Pavelec's performances as the backup have been a welcomed surprise, considering he saw scant action during his final two seasons with the Winnipeg Jets. The 30-year-old netminder has posted a .926 save percentage in 10 appearances this season.
Vigneault will be tempted to ride Lundqvist down the stretch. Should the Rangers continue to be a bubble playoff team as winter turns to spring, the coach won't have any choice but to pile a heavy workload on his franchise goalie's shoulders. That said, there's always the risk of burning Lundqvist out as the Rangers attempt to punch their postseason ticket. It's going to require a careful balancing act to ensure Lundqvist is fresh when the Blueshirts need him most.
TRUST SHATTENKIRK AND BE REWARDED
Kevin Shattenkirk arrived this summer with heavy expectations. Vigneault must resist trimming his minutes due to the perception that other defensemen are safer options. Shattenkirk has often been featured on the third pair, and Vigneault described him as a "work in progress" on Dec. 31.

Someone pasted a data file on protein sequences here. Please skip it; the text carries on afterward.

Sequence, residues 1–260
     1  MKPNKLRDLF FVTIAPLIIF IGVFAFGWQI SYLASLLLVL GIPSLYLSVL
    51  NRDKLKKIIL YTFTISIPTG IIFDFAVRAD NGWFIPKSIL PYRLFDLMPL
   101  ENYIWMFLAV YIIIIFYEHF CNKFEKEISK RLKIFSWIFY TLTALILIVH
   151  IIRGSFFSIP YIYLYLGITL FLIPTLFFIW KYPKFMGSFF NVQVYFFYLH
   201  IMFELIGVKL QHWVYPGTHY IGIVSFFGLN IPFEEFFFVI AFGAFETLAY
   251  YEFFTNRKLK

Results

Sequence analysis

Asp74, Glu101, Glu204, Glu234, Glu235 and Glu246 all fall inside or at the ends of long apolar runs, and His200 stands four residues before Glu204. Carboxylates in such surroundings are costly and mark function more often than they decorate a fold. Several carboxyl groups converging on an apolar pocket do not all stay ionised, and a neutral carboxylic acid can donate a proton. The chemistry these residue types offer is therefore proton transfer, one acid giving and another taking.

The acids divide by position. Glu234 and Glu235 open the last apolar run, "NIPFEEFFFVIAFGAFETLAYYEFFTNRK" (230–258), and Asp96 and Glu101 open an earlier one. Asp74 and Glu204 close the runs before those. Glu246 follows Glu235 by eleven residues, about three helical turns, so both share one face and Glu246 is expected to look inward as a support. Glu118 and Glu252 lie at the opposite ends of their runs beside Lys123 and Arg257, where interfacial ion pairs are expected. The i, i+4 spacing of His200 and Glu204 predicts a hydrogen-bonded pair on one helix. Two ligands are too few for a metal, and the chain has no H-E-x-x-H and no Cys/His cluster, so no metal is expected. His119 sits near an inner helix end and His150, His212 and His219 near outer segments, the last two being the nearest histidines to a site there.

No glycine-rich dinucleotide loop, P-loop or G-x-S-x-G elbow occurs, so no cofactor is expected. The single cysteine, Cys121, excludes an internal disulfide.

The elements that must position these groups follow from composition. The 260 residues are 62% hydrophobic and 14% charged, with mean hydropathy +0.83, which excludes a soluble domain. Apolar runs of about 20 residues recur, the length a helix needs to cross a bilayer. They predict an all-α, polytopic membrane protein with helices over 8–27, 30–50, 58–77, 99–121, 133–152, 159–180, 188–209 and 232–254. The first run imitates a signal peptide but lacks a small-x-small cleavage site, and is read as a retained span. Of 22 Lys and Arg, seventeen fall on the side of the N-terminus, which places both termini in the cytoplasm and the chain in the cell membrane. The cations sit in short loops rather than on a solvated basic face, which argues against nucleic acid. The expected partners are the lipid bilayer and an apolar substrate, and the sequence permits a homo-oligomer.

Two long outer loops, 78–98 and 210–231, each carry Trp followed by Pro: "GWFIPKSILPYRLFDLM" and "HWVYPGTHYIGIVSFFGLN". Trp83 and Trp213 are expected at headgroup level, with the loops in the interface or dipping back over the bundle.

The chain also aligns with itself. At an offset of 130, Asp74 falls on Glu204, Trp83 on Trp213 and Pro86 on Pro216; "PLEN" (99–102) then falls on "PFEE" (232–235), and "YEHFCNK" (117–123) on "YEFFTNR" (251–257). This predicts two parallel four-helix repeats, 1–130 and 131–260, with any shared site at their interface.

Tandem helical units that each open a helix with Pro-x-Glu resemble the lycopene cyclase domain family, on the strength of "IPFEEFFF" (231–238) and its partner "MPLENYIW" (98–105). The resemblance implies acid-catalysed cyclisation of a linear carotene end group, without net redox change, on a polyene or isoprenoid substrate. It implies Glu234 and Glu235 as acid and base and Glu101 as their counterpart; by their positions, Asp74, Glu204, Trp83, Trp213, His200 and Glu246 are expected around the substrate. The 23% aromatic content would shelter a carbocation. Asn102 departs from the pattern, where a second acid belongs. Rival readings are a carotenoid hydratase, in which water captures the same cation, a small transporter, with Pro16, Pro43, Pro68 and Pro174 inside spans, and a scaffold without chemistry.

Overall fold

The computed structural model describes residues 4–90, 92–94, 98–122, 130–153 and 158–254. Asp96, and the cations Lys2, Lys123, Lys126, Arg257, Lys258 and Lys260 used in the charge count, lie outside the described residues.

While the 28-year-old offense-driving defenseman is not playing the best of hockey of his career, and trust is earned in this league, Shattenkirk was brought here -- and paid handsomely -- to be a difference-maker.
Shattenkirk joined the Rangers as one of four defensemen to total 30 assists and 40 points in six different seasons (Erik Karlsson, Duncan Keith, and Keith Yandle were the others) since he began his career in 2010-11.
But his usage seems strikingly familiar to how Vigneault underused Yandle during his season and a half in New York. Yandle was largely pushed down the pecking order to third-pairing duty and the second power play unit. It should be noted that Shattenkirk leads Rangers defensemen with 3:16 power play minutes per game and only trails McDonagh in total minutes per game.